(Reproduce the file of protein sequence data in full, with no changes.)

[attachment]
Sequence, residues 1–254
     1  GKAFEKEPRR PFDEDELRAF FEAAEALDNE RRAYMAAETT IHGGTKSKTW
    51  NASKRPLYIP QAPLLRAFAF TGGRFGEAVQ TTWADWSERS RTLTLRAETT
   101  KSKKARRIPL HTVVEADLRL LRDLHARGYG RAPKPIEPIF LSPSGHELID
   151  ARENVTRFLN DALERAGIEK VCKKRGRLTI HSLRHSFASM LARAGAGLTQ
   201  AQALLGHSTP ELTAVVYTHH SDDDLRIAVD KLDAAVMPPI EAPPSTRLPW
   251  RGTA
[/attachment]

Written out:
Sequence, residues 1–254
     1  GKAFEKEPRR PFDEDELRAF FEAAEALDNE RRAYMAAETT IHGGTKSKTW
    51  NASKRPLYIP QAPLLRAFAF TGGRFGEAVQ TTWADWSERS RTLTLRAETT
   101  KSKKARRIPL HTVVEADLRL LRDLHARGYG RAPKPIEPIF LSPSGHELID
   151  ARENVTRFLN DALERAGIEK VCKKRGRLTI HSLRHSFASM LARAGAGLTQ
   201  AQALLGHSTP ELTAVVYTHH SDDDLRIAVD KLDAAVMPPI EAPPSTRLPW
   251  RGTA